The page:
iHeartMedia, the debt-burdened radio conglomerate, bowed to the inevitable late on Wednesday (March 14) and filed for Chapter 11 bankruptcy protection.
In a statement, the company said it had reached an agreement with the holders of more than $10 billion of its debt.
“The agreement we announced today is a significant accomplishment, as it allows us to definitively address the more than $20 billion in debt that has burdened our capital structure,” CEO Bob Pittman said in a statement. “Achieving a capital structure that finally matches our impressive operating business will further enhance iHeartMedia’s position as America’s #1 audio company.”
iHeart, formerly known as Clear Channel, is the nation’s largest radio company, with more than 850 stations. It also owns iHeartRadio’s music streaming service, a large concert business, and a 90% stake in Clear Channel Outdoor, the billboard company. Clear Channel Outdoor did not file for bankruptcy. For years, the company has been saddled with $20 billion in debt, the legacy of a leveraged buyout in 2008.
“What they’ve done to try to stay afloat is financial engineering,” says Seth Crystall, an analyst at Debtwire. “There’s no reason to file for bankruptcy until you have to… but we’re at that point.”
Among the music companies listed as creditors on the iHeart docket are Nielsen (owed $20 million); SoundExchange ($6.4 million); Warner Music Group ($3.9 million); Universal Music Group ($1.3 million); and Spotify ($2.1 million). Performance rights organizations ASCAP and BMI are each owed slightly over $1.4 million while Global Music Rights is looking at a $2 million debt.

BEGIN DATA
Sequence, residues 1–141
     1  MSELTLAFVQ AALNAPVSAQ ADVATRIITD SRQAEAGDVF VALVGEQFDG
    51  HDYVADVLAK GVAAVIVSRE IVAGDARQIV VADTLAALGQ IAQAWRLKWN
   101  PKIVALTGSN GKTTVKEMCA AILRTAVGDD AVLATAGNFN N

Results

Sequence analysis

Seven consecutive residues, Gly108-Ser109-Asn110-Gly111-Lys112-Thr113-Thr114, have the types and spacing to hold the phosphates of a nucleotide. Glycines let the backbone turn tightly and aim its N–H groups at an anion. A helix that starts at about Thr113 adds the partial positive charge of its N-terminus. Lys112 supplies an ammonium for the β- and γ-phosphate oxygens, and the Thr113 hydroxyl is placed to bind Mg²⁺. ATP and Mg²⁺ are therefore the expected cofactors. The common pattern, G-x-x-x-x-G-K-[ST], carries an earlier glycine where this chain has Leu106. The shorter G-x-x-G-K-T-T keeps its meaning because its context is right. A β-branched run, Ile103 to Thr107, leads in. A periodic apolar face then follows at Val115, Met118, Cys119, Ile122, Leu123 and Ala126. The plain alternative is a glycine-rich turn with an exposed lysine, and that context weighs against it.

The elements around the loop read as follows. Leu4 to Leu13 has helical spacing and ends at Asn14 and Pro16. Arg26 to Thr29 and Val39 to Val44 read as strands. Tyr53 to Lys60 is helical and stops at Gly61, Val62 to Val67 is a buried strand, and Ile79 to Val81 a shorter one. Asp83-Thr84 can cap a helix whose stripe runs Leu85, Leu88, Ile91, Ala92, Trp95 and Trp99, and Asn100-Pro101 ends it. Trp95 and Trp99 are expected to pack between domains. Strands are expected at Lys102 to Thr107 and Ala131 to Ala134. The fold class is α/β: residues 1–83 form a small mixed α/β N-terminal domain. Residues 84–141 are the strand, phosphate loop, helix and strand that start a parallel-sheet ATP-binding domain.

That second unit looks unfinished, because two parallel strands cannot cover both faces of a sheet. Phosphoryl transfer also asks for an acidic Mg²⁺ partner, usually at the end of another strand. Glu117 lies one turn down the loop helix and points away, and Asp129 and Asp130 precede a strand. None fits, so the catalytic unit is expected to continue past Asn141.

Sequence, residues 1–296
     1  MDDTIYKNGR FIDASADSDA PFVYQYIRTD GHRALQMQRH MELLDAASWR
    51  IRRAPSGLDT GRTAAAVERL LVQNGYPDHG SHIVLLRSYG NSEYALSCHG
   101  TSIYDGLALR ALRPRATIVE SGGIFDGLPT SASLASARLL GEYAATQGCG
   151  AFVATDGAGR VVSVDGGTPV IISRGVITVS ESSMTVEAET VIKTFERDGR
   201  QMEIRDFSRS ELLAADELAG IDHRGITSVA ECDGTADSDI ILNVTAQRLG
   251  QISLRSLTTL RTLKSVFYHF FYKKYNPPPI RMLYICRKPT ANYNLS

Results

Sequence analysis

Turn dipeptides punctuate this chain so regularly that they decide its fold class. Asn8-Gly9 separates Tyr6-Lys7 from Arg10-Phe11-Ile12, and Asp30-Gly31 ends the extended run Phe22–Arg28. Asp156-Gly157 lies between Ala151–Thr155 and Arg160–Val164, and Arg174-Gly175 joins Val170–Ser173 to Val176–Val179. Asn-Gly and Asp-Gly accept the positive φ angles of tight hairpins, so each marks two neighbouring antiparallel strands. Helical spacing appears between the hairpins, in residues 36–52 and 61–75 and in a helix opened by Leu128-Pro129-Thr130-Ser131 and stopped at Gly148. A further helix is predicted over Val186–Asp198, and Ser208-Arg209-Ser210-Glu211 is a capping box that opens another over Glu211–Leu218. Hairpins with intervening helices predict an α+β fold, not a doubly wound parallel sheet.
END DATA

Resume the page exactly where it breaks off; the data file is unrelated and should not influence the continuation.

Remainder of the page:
While dramatic, the filing is not likely to have much noticeable effect on the company’s day-to-day. “They’re not shutting down. They’re going to pay their bills,” Crystall says. “If you were listening to iHeartRadio, or going to iHeart concerts, you will not even know the difference.”Radio Ink has more.
The company, owned by Thomas H. Lee Partners and Bain Capital, has been in negotiations for nearly a year with its primary debtholders, led by Franklin Resources Group. In public term sheets, the equity holders offered a pre-packaged bankruptcy under which the creditors would get 89.5% of the equity. The equity holders would keep 5.25% of the company. The creditors’ counteroffer sought a higher stake in the company — 94.75% — while offering the equity holders nothing....MUCH MORE
The terms have changed since our last post:
"iHeart bankruptcy proposal would erase $14.8 billion of debt as lenders extend deadline" (IHRT)
May 4, 2017
Bain Capital/Thomas H Lee-Controlled iHeartMedia Probably Facing Bankruptcy (IHRT)
July 26, 2017
Bain Capital/Thomas H Lee-Controlled iHeartMedia Continues Stately Descent Into Bankruptcy (IHRT)
As was said back in May:Aug. 4, 2017
"This wouldn't really be noteworthy except for the fact IHRT is the largest operator of radio stations in the U.S. and the debt involved is a bit over $20 Billion.".
"iHeartMedia edges closer to bankruptcy with $174 million 2Q loss" (IHRT)